Navigator: The Barber of Seville.

On a business trip to the historic Spanish city of Seville, barber consultant Lord Jack Knife explores the ancient roots of his profession from the wheel of the MINI Countryman Park Lane – a car as classy as its driver.

The winning formula for success in any business is to find your niche and be an extension of it at all times. It’s as simple as that: live and breathe your trade, be an ambassador of it, and nothing can stop you. What is my niche? I’m a barber in the disguise of a businessman. Or you could even say it the other way round: I’m a businessman in the disguise of a barber. Under the moniker Lord Jack Knife I make a living from consulting for grooming establishments on the current trends and age-old traditions behind their craft. This includes anything from giving advice on which skin products to use and training staff with the best shaving techniques, to devising the interior design and aesthetics of a new barbershop. So, my trade lies in showing barber professionals worldwide how to pursue refinement and perfection in matters of style.

My job as a barber consultant takes me around the globe – to the United States, where I like to go at least once a year to soak up some authentic American barbershop culture; via Mexico, where I regularly visit the guys behind my favourite grooming brand, Mel Bros; and back to my native country, Spain, to the city of Seville, where I’ve just checked in with old colleagues and friends running their own salons. My travels have opened my eyes about the essence of my trade: no matter which corner of the world you’re in – be it a sophisticated Andalusian metropolis or a tiny suburb on the American East Coast – barbershops are at the heart of the male community, turning men of all walks of life, ethnicities and ages into gentlemen. And you, as a barber, have to cultivate gentlemanly virtues, such as immaculate style and impeccable manners, in everything you do.

Clients often ask me what makes a real gentleman. I like to give them the example of my grandfather, who was a dandy in the truest sense – his leather brogues always perfectly polished, his hair carefully combed and never a spot of dirt on his car. He inspired me to pursue excellence and make this my profession. After training as a hairdresser in my teens, I opened my own salon in Valencia when I was only 21. The salon was housed on the fourth floor of an ordinary apartment block and had a wonderfully clandestine feel to it. Like a private members’ club or a speakeasy, you had to know about it to be able to frequent it. And those who were in the know were treated to premium service within an exclusive atmosphere – from the fine glass of cognac they were offered upon arrival to the aromatherapy that was applied during the trims. When it comes to offering clients that outstanding experience, you have to know that the best is just about good enough.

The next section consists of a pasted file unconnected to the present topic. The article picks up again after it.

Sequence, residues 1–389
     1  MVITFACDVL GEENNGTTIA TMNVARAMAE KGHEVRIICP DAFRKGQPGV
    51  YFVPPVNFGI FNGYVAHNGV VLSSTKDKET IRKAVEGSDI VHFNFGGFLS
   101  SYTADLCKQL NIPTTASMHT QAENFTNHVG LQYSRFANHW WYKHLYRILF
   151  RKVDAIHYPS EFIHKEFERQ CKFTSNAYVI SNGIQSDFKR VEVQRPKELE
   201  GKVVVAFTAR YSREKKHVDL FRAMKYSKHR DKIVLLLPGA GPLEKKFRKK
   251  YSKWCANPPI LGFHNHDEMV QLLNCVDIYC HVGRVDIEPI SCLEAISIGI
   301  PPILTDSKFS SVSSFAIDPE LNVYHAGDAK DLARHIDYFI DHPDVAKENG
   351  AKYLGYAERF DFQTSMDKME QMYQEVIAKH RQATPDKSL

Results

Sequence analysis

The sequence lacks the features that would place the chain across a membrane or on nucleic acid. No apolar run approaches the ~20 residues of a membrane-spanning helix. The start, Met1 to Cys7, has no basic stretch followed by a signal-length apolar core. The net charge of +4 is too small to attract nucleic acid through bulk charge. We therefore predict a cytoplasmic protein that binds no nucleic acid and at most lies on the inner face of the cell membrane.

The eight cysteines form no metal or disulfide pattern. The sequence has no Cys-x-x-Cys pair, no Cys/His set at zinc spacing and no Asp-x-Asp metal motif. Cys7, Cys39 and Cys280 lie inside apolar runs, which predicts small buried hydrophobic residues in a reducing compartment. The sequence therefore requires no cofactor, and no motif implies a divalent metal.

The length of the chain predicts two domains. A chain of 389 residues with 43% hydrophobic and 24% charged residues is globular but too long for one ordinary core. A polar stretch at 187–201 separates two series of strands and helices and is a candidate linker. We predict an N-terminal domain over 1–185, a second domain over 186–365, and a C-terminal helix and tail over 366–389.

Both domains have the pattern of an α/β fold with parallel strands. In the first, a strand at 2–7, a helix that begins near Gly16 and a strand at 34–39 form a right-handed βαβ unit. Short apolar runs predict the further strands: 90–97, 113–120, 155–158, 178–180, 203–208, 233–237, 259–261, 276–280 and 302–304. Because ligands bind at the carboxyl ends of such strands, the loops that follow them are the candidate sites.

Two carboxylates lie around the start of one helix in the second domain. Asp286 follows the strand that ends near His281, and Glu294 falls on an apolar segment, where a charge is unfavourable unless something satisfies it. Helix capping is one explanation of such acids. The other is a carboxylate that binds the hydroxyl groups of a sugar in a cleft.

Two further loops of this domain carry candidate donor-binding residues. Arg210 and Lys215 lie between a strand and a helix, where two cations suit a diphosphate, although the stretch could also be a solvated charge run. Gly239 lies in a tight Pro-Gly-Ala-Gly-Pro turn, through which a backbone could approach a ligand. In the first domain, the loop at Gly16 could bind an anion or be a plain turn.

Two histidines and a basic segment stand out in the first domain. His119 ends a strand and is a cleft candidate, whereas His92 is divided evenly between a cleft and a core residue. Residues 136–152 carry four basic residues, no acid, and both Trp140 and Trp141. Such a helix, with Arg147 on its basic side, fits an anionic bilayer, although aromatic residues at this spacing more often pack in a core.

Now, at 31, my philosophy has hardly changed. When I’m not travelling, I’m based in Oslo, in a small but select concept store called Dapper, where the headquarters of Lord Jack Knife are. The store itself is everything its name promises: a treasure trunk filled with the latest lifestyle essentials, apparel and accessories for the style-conscious, dapper gentleman. Here, I run an in-store grooming salon, complete with retro leather barbers’ chairs, vintage shaving ads and beard oils and salves from around the globe laid out in wooden vitrines. Our aim is to revive the spirit of the traditional barber establishments of the past – to immerse each and every client in an oasis away from his busy everyday life, where he can enjoy a bespoke treatment, tailored to his – and his skin’s – needs. After all, the key to good service lies in the attention to detail.